As my years in ministry increased, people became more aware of the cracks in my name, so I worked harder to seal them – an exhausting and futile exercise. Eventually I gave up and let all the secret dark places of my heart rise to the surface. I made a series of sinful choices with a blast radius that affected hundreds of good people. The explosion left those closest to me emotionally dismembered. In that moment the “Charlton brand” went bankrupt.  All the effort, energy, time…meaningless. This launched me on a three-month journey to utter brokenness. I had shattered my life and was helpless to put the pieces back together. Continue reading Names #6: Changing Names

Names #5: The Towers We Build

In the 18th century, there was a Spanish philosopher named Miguel de Unamuno who came up with one of the best questions to illustrate the human condition. This was the question: If you had to choose between creating amazing works of art that would last forever and would make the world a better place, but you would remain anonymous; or you could become a famous, world renown artist and painter but your works would be totally forgotten. Which would you choose?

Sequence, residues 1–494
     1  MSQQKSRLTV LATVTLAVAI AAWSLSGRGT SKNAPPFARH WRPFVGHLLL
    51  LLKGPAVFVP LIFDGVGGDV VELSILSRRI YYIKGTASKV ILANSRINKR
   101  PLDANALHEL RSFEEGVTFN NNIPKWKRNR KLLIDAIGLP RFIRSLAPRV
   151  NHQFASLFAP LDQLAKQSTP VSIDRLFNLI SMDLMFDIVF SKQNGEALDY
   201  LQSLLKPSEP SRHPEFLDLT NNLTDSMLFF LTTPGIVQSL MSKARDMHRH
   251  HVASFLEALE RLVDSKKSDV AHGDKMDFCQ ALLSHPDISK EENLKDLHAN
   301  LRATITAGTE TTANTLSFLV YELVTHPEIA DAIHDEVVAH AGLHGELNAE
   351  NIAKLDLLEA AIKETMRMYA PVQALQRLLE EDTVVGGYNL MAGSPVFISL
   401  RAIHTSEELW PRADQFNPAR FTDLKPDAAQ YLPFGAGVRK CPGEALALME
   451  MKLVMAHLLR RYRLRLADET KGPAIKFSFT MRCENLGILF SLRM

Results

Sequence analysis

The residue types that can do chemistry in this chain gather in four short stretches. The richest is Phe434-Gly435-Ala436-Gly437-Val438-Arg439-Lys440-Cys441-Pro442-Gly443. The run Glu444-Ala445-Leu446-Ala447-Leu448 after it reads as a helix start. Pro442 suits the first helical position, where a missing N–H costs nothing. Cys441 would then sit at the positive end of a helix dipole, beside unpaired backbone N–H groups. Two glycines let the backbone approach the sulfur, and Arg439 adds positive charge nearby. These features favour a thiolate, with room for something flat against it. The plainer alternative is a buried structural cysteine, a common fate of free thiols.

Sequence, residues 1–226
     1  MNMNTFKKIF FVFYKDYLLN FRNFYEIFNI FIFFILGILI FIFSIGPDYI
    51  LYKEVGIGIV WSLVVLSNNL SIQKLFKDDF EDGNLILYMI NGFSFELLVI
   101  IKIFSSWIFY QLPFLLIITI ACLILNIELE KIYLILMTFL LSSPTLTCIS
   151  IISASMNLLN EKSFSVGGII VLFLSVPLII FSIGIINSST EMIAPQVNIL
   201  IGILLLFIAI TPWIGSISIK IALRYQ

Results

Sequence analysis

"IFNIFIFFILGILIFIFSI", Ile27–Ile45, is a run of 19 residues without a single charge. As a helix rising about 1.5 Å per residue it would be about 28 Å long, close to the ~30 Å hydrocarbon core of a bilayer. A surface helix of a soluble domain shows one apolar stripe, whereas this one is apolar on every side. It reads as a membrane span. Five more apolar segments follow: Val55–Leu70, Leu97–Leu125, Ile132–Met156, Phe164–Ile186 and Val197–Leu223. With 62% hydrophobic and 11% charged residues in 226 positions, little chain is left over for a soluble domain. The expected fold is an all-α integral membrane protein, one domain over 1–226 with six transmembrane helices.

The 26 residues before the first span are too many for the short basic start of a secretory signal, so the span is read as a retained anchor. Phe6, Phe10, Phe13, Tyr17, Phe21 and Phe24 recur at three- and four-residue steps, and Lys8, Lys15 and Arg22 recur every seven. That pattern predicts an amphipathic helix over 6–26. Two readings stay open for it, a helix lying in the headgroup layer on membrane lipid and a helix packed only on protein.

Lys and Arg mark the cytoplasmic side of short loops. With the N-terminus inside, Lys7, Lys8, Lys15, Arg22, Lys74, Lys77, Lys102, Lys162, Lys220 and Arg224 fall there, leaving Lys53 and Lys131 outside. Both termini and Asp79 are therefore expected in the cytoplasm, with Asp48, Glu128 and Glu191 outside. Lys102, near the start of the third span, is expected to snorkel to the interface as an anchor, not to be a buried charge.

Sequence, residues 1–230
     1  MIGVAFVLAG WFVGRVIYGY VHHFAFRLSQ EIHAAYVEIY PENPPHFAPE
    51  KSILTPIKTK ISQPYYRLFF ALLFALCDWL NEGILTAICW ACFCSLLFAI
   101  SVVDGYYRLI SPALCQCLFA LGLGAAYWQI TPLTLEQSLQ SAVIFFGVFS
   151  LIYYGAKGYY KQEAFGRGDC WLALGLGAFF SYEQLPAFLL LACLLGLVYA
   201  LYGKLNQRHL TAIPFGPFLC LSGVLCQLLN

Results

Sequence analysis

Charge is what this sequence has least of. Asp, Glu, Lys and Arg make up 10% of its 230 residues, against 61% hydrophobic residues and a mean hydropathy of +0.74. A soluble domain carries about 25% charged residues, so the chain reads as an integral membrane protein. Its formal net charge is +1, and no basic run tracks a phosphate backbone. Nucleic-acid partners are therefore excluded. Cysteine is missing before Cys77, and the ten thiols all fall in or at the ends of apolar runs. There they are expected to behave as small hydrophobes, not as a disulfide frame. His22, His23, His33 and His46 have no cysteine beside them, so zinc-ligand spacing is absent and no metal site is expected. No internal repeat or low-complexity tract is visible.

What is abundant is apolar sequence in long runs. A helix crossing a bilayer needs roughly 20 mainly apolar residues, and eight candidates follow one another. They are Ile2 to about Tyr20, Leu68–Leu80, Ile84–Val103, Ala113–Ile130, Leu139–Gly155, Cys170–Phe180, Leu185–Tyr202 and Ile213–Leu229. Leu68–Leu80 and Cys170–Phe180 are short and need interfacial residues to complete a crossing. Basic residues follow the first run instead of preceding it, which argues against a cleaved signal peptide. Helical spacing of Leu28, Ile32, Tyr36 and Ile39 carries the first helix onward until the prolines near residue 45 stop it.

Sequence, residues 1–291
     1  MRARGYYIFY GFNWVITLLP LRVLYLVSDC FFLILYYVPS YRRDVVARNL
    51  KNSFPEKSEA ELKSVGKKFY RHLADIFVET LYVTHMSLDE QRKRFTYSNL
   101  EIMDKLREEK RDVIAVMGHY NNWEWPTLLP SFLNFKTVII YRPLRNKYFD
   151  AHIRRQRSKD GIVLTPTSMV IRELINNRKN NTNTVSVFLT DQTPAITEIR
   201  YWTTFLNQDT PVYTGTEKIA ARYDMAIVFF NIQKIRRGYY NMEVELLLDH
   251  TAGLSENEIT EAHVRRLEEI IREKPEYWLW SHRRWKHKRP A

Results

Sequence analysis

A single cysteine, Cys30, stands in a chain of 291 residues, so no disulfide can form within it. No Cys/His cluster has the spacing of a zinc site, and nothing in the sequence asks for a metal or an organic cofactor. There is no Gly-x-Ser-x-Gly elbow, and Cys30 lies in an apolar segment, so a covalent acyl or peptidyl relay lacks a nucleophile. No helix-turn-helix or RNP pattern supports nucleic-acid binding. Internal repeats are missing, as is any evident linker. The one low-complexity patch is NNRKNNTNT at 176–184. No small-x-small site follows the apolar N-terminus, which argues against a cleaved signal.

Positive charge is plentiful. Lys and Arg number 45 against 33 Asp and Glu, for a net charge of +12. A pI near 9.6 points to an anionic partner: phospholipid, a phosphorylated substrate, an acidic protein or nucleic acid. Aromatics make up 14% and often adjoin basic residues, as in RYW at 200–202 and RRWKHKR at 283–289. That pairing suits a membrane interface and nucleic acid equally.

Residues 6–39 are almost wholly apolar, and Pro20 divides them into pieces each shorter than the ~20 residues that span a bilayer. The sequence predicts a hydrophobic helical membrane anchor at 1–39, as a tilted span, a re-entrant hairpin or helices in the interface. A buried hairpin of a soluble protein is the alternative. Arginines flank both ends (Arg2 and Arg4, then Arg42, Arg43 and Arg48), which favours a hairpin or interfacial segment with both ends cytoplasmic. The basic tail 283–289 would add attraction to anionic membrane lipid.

Insignificant fame or Anonymous blessing?

So this is a series on a small theme in the book of Genesis. Namely, that Genesis cares a lot about names. Apparently the Bible cares a lot about the language we use to describe the world and each other.

Last week I talked about how after the fall in Genesis, Adam and Eve try to find their own names, independent of God. But what happens when that stops just being a problem for a couple of people and starts to be the way the whole world operates?

Just eight chapters later, Genesis tells us about how the how the whole world was speaking the same language. And they all got together because they wanted to build a tower. Which actually sounds like a pretty good idea. I mean we build towers all the time. But Genesis is telling us something here. They are trying to exceed the limitations of being human. They are trying to be gods.

The real reason they wanted to build a tower was because they wanted to “make a name for themselves.” (The actual Hebrew here is Donald Trump).

Now think about this for a second. They aren’t actually concerned about the project they are building. Their real goal is to be important. Their real goal isn’t the tower, but to justify their existence.